Citing a slowdown in investment and economic growth which has widened the current account deficit, S&P revised its outlook on India to negative. It affirmed BBB- rating for India. It also warned one out of three chance of a downgrade if external positions worsen.
Citing a slowdown in investment & economic growth and a widening current account deficit, Standard and Poor's (S&P) Rating Services on Wednesday revised India's long-term rating to negative from stable. It affirmed `BBB-' rating for India and warned that the country stands one out of three chance of a downgrade in two years if external positions worsen.
In a press statement, the agency said India's favorable long-term growth prospects and high level of foreign exchange reserves support the ratings. On the other hand, India's large fiscal deficits and debt, as well as its lower middle-income economy, constrain the ratings.
"We expect India's real GDP per capita growth will likely remain moderately strong at 5.3% in the current fiscal year ending March 31, 2013, compared with about 6% on average over the prior five years, but down from 8% in the middle of the last decade," said Standard & Poor's credit analyst Takahira Ogawa.
In a sharp contrast to S&P's move, Moody's last week had said its long term outlook on India remains stable. But S&P said the government will face headwinds in implementing policy reforms. Stressing that high fiscal deficits and a heavy debt burden remain the most significant constraints on the sovereign ratings on India, the rating agency said it sees only a modest fiscal and public sector reforms given the current political gridlock.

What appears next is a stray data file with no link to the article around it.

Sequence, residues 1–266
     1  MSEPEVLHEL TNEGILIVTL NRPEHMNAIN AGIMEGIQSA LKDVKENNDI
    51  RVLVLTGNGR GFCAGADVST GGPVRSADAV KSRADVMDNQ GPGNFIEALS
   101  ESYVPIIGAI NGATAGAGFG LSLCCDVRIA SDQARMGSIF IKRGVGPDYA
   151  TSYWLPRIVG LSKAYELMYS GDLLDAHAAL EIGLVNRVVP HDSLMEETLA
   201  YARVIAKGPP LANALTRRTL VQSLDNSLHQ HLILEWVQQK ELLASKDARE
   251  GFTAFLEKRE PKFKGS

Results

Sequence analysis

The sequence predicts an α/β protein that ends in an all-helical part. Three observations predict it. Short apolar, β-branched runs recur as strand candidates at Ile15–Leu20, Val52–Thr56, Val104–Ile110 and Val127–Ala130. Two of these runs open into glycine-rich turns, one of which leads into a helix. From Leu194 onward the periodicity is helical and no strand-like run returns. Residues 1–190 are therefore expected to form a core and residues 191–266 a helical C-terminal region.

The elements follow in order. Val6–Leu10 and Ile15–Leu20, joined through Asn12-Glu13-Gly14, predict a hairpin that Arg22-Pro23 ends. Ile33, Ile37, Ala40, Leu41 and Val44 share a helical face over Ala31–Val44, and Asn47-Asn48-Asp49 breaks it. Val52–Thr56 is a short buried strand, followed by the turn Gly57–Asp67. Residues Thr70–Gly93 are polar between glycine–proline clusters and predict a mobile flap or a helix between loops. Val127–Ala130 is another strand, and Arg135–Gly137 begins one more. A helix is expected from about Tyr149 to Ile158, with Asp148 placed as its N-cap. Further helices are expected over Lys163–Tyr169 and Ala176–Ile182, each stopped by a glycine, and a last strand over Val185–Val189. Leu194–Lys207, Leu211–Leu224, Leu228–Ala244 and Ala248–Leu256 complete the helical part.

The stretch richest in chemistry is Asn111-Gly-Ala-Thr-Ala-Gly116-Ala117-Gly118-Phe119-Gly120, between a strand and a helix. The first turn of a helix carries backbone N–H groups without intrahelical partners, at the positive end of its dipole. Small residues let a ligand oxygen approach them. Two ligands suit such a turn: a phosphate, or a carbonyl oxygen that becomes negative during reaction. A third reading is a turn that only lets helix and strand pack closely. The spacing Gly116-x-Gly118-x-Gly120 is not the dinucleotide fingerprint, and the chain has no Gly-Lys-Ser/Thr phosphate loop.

This news sent shock waves in market, sending Sensex down by more than 150 points. The rupee reacted by moving to 52.65 to a dollar. Discounting the slides as a knee-jerk reaction, experts told CNBC-TV18 that market will stabilise.
No sooner had the news spread, the finance ministry activated its damage-control machinery saying the S&P has only waved a red flag and not downgraded India which will not impact the ability of corporates to borrow abroad. While this might soothe ruffled feathers of worried investors, experts point out that unless the government delivers on reforms, a downgrade is imminent.